People with depression exhibit an unexpected increase in volume on the left side of the hypothalamus, the brain region responsible for physical wellbeing.
Investigators at the Max Planck Institute for Human Cognitive and Brain Sciences (MPI CBS) in Leipzig, Germany, found that the volume of the left hypothalamus was about 5% greater in patients with major depressive or bipolar disorders compared to their healthy counterparts.
In a surprising development, when the team conducted magnetic resonance imaging (MRI) on living patients, the results failed to support findings from previous postmortem investigations of the region. Those studies showed that hypothalamus volumes were smaller or level in patients with bipolar disorder or major depressive disorder (MDD).
“Contrary to our expectations, the hypothalamus volume was increased in patients with uni- and bi-polar affective disorders,” the authors wrote.
The hypothalamus region of the brain maintains the balance of autonomic, endocrine, and behavior functions. The area controls body temperature, thirst, and hunger and is involved in sleep and emotions.
“As head of the hypothalamus-pituitary-adrenal axis (HPA) the hypothalamus links the emotional, limbic, and cortical centers of the brain,” Planck investigators and colleagues from the Department of Psychiatry and Psychotherapy of the University Clinic in Leipzig said in the journal Acta Psychiatrica Scandinavica.
Normally, a stressful event triggers an increase in cortisol to provide the body with more energy to combat the challenge. Control mechanisms in the HPA axis then ensure that the system returns to a balanced state when the threat passes.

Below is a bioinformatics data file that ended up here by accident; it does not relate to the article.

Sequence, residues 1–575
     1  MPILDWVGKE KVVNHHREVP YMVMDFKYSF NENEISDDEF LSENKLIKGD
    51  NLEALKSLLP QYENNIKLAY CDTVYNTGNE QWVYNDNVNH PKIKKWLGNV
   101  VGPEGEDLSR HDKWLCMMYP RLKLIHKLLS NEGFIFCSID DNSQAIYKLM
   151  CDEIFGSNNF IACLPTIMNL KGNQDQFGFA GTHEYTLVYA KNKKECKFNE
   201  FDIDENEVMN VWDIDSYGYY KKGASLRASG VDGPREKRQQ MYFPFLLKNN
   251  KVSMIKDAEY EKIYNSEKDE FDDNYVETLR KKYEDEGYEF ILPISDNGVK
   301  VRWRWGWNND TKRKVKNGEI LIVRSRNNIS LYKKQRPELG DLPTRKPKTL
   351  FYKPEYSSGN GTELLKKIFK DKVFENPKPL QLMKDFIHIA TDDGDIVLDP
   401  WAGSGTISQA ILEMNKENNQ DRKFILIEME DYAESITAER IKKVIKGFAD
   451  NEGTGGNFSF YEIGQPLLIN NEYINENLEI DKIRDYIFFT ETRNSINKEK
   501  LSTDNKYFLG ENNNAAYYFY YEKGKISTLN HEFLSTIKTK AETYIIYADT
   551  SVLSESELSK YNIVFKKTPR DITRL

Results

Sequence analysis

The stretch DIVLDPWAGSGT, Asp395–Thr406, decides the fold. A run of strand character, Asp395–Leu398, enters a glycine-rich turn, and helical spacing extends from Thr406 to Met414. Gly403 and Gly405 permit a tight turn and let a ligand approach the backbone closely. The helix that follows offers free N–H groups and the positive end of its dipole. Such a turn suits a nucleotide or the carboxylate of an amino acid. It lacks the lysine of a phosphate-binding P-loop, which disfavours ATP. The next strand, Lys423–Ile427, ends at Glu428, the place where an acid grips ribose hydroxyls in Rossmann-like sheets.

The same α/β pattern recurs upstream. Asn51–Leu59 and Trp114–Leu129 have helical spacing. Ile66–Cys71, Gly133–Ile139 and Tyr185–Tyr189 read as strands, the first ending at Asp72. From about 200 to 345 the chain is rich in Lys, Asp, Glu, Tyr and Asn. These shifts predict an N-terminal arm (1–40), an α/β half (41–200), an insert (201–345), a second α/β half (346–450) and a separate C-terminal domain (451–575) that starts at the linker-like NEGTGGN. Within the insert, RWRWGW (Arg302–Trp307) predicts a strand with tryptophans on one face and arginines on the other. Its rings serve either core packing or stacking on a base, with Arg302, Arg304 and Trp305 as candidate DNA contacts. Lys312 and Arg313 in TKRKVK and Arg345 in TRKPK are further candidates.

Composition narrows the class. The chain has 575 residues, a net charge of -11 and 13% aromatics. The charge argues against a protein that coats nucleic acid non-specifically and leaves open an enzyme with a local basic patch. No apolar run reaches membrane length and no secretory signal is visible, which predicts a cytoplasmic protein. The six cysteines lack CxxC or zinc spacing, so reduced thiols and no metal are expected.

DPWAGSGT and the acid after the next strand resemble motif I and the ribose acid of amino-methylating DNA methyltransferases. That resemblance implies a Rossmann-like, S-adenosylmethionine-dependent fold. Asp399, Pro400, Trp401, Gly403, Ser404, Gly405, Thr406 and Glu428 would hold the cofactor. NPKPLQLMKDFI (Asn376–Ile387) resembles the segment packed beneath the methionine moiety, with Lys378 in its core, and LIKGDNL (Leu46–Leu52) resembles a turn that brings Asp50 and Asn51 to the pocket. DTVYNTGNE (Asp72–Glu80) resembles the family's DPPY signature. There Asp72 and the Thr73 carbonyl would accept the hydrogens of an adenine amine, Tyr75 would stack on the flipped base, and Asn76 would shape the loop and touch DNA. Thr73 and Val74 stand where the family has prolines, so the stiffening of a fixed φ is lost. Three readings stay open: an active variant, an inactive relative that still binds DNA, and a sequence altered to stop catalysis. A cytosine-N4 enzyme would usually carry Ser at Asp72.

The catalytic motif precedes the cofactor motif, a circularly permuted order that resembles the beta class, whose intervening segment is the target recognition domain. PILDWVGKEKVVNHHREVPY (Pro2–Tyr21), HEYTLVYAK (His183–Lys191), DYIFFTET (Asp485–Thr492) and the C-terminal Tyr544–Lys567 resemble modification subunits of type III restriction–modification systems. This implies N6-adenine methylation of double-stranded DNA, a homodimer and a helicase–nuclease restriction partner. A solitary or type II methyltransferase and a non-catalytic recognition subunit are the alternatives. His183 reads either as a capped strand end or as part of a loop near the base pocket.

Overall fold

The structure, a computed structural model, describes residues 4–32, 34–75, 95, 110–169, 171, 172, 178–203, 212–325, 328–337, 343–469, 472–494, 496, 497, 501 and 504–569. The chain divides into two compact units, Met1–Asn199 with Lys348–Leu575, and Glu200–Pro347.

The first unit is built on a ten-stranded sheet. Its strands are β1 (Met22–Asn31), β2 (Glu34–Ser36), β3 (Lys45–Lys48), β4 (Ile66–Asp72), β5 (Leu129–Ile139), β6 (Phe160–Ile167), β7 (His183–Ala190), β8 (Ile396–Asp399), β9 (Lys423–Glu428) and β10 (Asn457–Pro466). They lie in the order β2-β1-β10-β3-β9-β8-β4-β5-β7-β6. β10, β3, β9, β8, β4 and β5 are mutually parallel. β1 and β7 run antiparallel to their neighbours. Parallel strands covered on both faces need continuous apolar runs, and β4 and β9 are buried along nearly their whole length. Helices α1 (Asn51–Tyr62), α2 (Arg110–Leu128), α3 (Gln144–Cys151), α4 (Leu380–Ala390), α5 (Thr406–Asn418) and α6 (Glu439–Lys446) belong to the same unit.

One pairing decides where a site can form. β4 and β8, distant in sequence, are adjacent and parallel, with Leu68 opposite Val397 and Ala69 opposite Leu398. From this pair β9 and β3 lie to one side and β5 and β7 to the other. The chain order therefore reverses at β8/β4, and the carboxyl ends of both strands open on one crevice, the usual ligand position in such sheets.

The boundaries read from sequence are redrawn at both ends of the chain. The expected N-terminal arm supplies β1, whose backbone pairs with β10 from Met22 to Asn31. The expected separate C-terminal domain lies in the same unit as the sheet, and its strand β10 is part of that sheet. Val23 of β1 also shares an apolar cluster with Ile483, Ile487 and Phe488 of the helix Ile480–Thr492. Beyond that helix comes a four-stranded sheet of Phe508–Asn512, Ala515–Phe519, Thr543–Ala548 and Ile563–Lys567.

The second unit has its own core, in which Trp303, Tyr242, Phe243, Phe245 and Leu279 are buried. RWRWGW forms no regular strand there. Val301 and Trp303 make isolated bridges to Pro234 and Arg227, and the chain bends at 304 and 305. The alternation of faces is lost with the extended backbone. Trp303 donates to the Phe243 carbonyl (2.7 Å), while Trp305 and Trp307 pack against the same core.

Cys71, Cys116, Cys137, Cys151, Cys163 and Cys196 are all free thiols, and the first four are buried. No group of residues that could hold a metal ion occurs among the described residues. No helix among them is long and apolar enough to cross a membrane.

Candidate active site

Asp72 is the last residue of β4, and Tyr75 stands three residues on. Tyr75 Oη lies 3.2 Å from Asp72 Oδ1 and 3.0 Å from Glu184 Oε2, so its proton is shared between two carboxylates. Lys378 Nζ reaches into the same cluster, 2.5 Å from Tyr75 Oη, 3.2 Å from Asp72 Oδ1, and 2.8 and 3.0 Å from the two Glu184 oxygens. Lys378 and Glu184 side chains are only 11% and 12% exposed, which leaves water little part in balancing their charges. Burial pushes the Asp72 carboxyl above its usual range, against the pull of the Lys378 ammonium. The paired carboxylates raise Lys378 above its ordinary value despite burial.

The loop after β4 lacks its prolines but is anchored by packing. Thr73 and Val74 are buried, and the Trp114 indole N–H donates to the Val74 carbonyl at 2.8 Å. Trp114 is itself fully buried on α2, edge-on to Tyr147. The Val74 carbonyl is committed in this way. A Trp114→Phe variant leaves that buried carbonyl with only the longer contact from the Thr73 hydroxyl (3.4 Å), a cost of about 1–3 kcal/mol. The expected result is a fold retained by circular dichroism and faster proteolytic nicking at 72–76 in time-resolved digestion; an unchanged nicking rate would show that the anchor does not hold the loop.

In some individuals with depressive disorders, however, the stress response operates ``at full throttle’’ even when no stressful situation is apparent because of malfunctions in the feedback mechanism.
“In these patients with MDD, the HPA axis is overactive due to inherited or acquired traits,” the authors said. “Too much cortisol is released during stress, which causes adverse structural changes in brain regions that control the HPA axis, ultimately leading to a disinhibition of the HPA axis.”
The underlying reason for this hyperactive stress response system and the role of the hypothalamus as its control unit has remained unclear, the authors said.
To investigate, the team conducted a cross-sectional study involving 61 patients with depressive disorders and 23 controls. Twenty of the patients with depression were medicated, 20 were unmedicated and 21 had bipolar disorder. Twenty of the controls were matched to the unmedicated MDD patients.
The investigators then acquired seven Tesla-T1 weighted magnetic resonance images and processed them using methods that they said yielded highly precise volume levels of the hypothalamus. This showed the 5% volume increase in the left side among the patients with depression compared to the controls.
“The volume difference existed independent of medication status and statistical correction for intracranial volume,” the authors wrote.
Further, the team found that among the medicated patients with depression, the left hypothalamus volume correlated with the severity of the disease.
Why might this be the case, when prior studies indicated a volume decrease?
“Previous data, which led to our hypothesis of reduced hypothalamus volumes in mood disorders, have been very limited, presumably because the hypothalamus is notoriously difficult to distinguish from its surroundings with common neuroimaging techniques,” the team wrote.
The researchers noted that a recent animal study showed that large hypothalamus volumes are associated with stress susceptibility in chronically stressed mice.
In light of existing data that suggest the stress response may be associated with structural and functional asymmetry of the brain, “It seems possible that specifically a unilateral enlargement of the hypothalamus is related to HPA axis activity and depressive symptomology,” the authors wrote.
“More research is clearly needed to formulate advanced hypotheses,” they added.